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Trio Ciclos: Mobiles Vol. 2

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Trio Ciclos: Mobiles Vol. 2
This appropriately mesmerising image of Trio Ciclos has been created by (and is copyrighted to) Andre Mortatti

That the Brasilian ensemble, Trio Ciclos, have a follow-up to their benchmark improvised recording mobiles vol. 1 is itself a courageous act. After all it was hard to see where drummer Alex Buck, contrabassist Bruno Migotto and pianist Edson Sant’anna would go from the genre-bending music of that recording. But that assumption failed to take into consideration two things: firstly the vast canvas of artistic styles and forms that the musicians have been born into and draw from; secondly that their own musicianship bristles vividly with both intellect and imaginative intuition and finally that each is not simply a virtuoso on his instrument and is able to discern how far he can push this virtuosity, but also capable of creating music quite beyond the scope of the instrument he uses to express himself.

Expect nothing less, then, from mobiles vol. 2. And it does not disappoint right from the storm-tossed opening “Prólogo” that begins with the earth-shattering agitation of cymbals combined with the elemental rumbling of the contrabass and playing inside the piano, not to mention masterfully arranged electronic sounds that foreshadows the kind of musically galactic experience that is to follow. Make no mistake, however, all of this music comes from the Brasilian experience. The title of the showpiece “Choro Mobile” comes from the deep and authentic Brasilian lament expressed in song in a form celebrated by great composers such as Pixinguinha and Jacob do Bandolim. But what is most arresting about the song is that each of the musicians has developed into an individualistic, difficult-to-classify personal musical voice.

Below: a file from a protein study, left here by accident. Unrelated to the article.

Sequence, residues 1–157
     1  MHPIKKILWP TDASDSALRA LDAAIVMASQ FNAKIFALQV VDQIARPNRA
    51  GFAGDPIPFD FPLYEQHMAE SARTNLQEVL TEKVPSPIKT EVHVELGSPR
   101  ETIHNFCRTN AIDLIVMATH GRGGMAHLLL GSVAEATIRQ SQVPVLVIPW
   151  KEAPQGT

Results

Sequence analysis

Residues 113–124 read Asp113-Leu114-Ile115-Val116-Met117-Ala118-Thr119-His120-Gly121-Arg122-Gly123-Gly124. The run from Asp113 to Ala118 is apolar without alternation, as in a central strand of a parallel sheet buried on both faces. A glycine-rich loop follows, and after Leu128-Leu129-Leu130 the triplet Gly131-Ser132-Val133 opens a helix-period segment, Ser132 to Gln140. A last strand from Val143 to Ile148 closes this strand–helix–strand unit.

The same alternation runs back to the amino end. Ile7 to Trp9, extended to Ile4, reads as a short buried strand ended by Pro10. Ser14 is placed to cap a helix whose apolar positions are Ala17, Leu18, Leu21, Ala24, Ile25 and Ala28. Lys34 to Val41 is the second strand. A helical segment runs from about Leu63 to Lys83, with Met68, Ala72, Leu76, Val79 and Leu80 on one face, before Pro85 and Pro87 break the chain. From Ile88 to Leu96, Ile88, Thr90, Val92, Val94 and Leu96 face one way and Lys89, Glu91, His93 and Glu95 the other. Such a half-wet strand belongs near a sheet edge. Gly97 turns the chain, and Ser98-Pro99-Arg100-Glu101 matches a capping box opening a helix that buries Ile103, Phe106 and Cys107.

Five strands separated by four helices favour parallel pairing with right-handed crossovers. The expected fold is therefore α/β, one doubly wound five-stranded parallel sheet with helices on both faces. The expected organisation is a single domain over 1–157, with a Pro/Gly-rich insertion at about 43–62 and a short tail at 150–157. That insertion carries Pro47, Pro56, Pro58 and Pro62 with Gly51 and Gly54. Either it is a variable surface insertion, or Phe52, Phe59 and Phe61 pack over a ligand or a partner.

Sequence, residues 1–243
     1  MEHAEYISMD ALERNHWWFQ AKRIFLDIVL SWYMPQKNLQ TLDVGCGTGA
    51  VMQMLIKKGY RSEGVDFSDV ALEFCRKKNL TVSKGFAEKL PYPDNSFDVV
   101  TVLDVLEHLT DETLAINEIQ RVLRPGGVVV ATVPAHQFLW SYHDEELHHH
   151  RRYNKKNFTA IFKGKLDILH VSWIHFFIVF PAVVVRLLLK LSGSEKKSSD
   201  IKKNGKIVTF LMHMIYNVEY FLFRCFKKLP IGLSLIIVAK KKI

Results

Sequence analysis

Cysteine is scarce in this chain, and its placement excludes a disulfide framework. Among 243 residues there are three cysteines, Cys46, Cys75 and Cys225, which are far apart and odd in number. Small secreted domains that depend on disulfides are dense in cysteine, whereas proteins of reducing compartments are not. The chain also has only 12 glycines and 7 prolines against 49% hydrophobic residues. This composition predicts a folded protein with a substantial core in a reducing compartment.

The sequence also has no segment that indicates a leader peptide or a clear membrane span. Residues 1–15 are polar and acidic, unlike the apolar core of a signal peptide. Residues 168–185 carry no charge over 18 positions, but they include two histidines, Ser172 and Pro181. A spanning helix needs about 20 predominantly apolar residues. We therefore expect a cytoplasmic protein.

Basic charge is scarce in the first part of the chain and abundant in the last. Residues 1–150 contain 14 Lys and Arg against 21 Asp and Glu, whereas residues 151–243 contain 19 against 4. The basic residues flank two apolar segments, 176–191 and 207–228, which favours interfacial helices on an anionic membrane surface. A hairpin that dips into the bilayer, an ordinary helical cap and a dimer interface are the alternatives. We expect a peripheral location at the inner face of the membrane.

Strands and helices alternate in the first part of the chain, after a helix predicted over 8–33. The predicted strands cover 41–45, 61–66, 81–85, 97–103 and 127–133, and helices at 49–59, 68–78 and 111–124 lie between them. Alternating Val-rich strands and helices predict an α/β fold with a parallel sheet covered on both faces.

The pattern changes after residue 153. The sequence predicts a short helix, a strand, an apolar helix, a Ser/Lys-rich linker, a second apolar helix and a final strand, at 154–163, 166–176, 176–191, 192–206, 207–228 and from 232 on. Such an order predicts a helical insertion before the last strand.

Here, as in the rest of the repertoire – notably also “Mobile Universal”, which is dedicated to another Brasilian iconoclastic artist, Hermeto Pascoal (O Bruxo) – we come face-to-face with music that has its roots in Brasilian choro, as much as maracatu nação or maracatu de baque virado, afoxê arising from deep inside ijexá – all of which is played in such a dramatic and flamboyant manner as to evoke and even conjure the elaborate rhythms and dance of capoeira. It’s all quite magical. Of course this is what the musicians set out to do in the first place which made that wonderment about being able to re-create the excitement of mobiles vol. 1 pure conjecture. The principle tribute to all of this is of course the mind-bending art of the great Alexander Calder.

Having been treated to music where there’s so much going on beneath the surface; where Mr Buck, Mr Migotto and Mr Sant’anna subtly mix in the elements of Brasilian rhythms, electronic music, rock, contemporary music and even the occasional noise music it’s hard not to fall prey to the arresting manner in which these musicians wield their tonal palettes; their sonic creations, a veritable mistura fina that stimulates mysterious narratives evoking the work not only of Mr Calder, but also visionary painter Edward Hooper and the masterful film director David Lynch. . To be witness to the madcap melodic, harmonic and rhythmic adventure of “Quodlibet”, which later gives way to the open-ended angst of the composed and improvised “Epílogo”, is to come face-to-face not only with what’s left unsaid, but to the myriad of unexpected things to come from this brilliant Brasilian trio.

Track list – 1: Prólogo; 2: Choro Mobile; 3: Mobile Antigo; 4: Jazzex N. 2; 5: Juízo Mobile; 6: Mobile Universal; 7: Quodlibet; 8: Epílogo

Personnel – Alex Buck: drums and electronics; Bruno Migotto: contrabass; Edson Sant’anna: piano

Released – 2019
Label – Independent
Runtime – 49:01

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